Accreditation of journalists helps improve professionalism

Rules need to be tightened to ensure that only accredited media personnel are allowed to practice and within the limits of the law. [David Njaaga, Standard]

Kenya’s media industry has grown in leaps and bounds over the past 20 years largely due to the digital revolution. This has contributed to the expansion of democratic space, ensuring that more voices play the role of watchdog, agenda setting and guard, and amplifying the ability of citizens to hold power to account. . The positive impact of the expansion has come with its share of challenges, however, the key being regulation and ensuring that all players in the industry adhere to established standards and professionalism.

One of the issues plaguing the collective consciousness of the industry is the charlatans operating in the media space and bringing the media profession into disrepute. This calls for the need to define and authorize those who operate as journalists and media professionals.

The place of accreditation in journalism cannot be denied. Accreditation has become increasingly important in an age when, thanks to smartphone ownership and access to social media, anyone can produce content. The question that arises as a result is who do citizens turn to for the plain truth? Accreditation is the cure.

The accreditation identifies a person as belonging to the profession of journalist and authorizes him to practice accordingly. In addition, it allows them to enjoy the rights and privileges that flow from being a member of the vocation. For all intents and purposes, most employers, and not just in the media, ask potential employees for their accreditation details whenever they are looking for staff in different categories.

This gives employers the reassurance that they are hiring the right people. In addition to ensuring that journalists adhere to the stipulated principles of their profession, accreditation opens doors for them by ensuring access to accurate and up-to-date information by allowing their participation in conferences, workshops, trainings and other gatherings.

In addition, accreditation strengthens the protection of journalists in the performance of their duties by accelerating the deployment of a rapid response in cases where an accredited journalist is attacked. Accredited people can also apply for grants and internships in different media programs.

As the media industry around the world struggles with declining public trust and disinformation, all players in the media space must operate in a professional manner, bound by rules and regulations. Correct identification of journalists and media professionals will help solve this problem.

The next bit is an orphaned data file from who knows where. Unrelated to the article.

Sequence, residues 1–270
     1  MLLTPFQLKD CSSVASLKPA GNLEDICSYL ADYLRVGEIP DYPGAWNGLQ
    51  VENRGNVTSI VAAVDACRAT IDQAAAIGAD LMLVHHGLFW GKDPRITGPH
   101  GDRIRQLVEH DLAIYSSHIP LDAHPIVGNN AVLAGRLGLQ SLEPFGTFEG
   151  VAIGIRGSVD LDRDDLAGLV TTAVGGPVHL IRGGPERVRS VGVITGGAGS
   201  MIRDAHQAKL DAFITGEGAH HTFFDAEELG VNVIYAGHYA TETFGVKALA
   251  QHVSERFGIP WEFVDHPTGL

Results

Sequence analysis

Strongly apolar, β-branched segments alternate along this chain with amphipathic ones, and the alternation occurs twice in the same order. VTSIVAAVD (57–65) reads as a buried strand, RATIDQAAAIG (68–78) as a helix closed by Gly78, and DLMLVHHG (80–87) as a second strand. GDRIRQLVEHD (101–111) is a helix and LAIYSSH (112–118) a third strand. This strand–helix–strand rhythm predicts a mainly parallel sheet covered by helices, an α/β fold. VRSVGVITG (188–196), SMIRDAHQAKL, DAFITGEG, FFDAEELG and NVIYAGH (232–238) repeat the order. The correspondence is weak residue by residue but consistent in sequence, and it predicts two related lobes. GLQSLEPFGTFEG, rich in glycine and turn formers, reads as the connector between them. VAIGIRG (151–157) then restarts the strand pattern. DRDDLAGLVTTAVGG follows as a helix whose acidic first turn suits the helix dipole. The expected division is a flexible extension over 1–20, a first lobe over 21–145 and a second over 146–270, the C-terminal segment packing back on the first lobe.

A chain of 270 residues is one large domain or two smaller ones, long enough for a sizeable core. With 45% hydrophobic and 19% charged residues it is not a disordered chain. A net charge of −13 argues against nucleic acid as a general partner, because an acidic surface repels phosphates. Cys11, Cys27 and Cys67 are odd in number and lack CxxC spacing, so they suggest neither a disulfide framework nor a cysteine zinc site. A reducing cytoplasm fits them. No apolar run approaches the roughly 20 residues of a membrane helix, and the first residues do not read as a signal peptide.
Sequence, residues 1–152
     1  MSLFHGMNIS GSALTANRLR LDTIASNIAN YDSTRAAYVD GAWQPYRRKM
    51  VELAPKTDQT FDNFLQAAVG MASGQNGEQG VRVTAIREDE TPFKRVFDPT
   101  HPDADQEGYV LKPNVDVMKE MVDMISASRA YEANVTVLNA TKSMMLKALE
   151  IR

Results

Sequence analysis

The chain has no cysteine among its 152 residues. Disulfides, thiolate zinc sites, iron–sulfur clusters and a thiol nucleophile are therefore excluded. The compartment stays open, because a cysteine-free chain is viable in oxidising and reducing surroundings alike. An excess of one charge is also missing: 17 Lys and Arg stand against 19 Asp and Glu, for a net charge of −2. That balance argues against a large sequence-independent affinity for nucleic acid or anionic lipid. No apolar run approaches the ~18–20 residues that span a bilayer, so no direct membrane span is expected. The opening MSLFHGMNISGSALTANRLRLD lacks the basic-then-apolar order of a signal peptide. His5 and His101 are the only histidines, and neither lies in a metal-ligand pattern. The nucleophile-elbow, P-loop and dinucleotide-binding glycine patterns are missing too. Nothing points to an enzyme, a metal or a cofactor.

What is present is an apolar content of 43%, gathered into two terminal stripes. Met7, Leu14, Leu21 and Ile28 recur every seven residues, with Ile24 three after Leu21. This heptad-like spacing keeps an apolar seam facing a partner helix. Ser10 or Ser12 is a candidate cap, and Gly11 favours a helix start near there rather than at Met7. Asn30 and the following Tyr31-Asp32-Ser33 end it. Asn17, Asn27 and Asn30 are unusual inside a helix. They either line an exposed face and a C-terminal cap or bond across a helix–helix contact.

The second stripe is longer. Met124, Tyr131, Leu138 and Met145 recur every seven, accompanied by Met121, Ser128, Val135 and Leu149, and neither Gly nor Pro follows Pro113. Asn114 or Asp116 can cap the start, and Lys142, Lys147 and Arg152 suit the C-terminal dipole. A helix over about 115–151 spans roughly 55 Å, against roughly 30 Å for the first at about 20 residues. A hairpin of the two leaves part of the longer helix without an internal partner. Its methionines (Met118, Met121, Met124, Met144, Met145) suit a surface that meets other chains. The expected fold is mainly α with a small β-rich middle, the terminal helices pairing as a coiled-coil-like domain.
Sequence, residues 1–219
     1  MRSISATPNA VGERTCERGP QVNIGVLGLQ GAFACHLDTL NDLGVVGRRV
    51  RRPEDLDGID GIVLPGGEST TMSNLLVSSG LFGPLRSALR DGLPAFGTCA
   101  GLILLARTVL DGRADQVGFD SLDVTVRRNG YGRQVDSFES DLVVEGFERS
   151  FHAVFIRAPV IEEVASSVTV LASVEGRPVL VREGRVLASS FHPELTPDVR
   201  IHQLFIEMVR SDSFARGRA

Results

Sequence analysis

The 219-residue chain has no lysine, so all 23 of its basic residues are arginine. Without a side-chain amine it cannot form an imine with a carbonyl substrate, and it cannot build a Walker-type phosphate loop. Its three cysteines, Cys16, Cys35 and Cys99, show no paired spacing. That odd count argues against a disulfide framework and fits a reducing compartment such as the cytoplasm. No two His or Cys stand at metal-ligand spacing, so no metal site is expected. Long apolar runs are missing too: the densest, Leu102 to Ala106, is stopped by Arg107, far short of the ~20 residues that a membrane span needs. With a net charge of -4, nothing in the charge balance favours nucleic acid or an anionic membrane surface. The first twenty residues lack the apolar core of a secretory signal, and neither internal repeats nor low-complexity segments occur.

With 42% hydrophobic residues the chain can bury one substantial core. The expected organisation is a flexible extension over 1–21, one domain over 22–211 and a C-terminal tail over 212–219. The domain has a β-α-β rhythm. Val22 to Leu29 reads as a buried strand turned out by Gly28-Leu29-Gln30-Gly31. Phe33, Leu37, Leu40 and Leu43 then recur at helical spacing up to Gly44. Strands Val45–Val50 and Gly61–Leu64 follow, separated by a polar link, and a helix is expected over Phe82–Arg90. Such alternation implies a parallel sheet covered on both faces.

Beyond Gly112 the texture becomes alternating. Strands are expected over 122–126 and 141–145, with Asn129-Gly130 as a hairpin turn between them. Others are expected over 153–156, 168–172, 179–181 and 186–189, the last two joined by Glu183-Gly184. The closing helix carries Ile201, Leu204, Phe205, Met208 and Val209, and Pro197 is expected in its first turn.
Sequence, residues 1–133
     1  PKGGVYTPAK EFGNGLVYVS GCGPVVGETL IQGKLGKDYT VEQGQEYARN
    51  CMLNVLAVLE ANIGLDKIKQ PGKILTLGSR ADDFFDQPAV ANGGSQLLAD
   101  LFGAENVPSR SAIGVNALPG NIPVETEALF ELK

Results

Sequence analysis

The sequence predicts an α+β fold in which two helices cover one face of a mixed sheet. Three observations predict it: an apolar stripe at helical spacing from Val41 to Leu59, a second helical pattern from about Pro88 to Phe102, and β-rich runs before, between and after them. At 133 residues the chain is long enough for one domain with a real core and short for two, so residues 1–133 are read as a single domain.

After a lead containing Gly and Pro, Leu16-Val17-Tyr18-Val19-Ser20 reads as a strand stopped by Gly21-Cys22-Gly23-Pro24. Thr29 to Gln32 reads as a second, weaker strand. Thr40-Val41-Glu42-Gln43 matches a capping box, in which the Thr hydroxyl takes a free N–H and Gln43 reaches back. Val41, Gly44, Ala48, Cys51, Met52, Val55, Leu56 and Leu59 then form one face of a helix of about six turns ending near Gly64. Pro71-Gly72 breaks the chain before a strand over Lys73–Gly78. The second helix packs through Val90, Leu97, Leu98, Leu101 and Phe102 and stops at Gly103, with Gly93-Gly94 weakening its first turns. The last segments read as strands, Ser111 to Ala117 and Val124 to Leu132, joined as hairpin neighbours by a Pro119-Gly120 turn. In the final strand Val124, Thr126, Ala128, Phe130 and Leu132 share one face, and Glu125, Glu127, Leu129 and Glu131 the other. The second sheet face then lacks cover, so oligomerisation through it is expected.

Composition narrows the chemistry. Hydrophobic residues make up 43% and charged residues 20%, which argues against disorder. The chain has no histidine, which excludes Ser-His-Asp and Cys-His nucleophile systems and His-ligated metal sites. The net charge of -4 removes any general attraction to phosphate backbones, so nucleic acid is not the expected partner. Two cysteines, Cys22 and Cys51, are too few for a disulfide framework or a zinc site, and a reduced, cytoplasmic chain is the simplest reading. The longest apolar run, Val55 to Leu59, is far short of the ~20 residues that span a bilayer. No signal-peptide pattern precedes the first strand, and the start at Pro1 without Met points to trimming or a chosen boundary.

This will strengthen the image of the media industry as a credible source of information in an ecosystem riddled with fake news. As the body mandated to set standards and ensure compliance, the Kenya Media Council, through its accreditation function, has worked with stakeholders, including law enforcement agencies. , to improve professionalism in the media and lock out people posing as journalists.

One of the measures currently being taken by the council to combat charlatans is to provide journalists with a verification number, 40314, which members of the public can use to confirm whether anyone presenting a Media Council accreditation card from Kenya is a true journalist. The cards have distinctive security features including a special number assigned to each journalist.

To expand the network and ensure that everyone working in the industry is accredited, the council this year launched the accreditation of media professionals, who are not professionally trained, but work in a theatrical environment. drafting.

This is done on the condition that they must first undergo training for media professionals on the Code of Conduct for the Practice of Journalism in order to obtain accreditation.

The council plans to train more media professionals in 2022 to ensure that everyone operating in the media space is aware of the Code of Conduct and still maintains their professionalism. The council also introduced a new category of public communication experts in the public and private spheres to ensure that all stakeholders with journalism and media studies training are accredited.

The launch of the online accreditation of journalists to respond to the realities of the Covid-19 pandemic in December of last year was a huge success. The council is working to improve the portal to provide journalists with a better user experience during the 2022 accreditation cycle and beyond.

As we head into a general election year, the council will be holding a series of trainings for journalists on election coverage. Accredited journalists will be given priority during the training. It is our social responsibility to ensure that the country remains united, even after the general election, in exercising our watchdog role.

Rules need to be tightened to ensure that only accredited media personnel are allowed to practice and within the limits of the law. This will go a long way in preventing unscrupulous individuals from using the media space to misinform and sometimes blackmail Kenyans.


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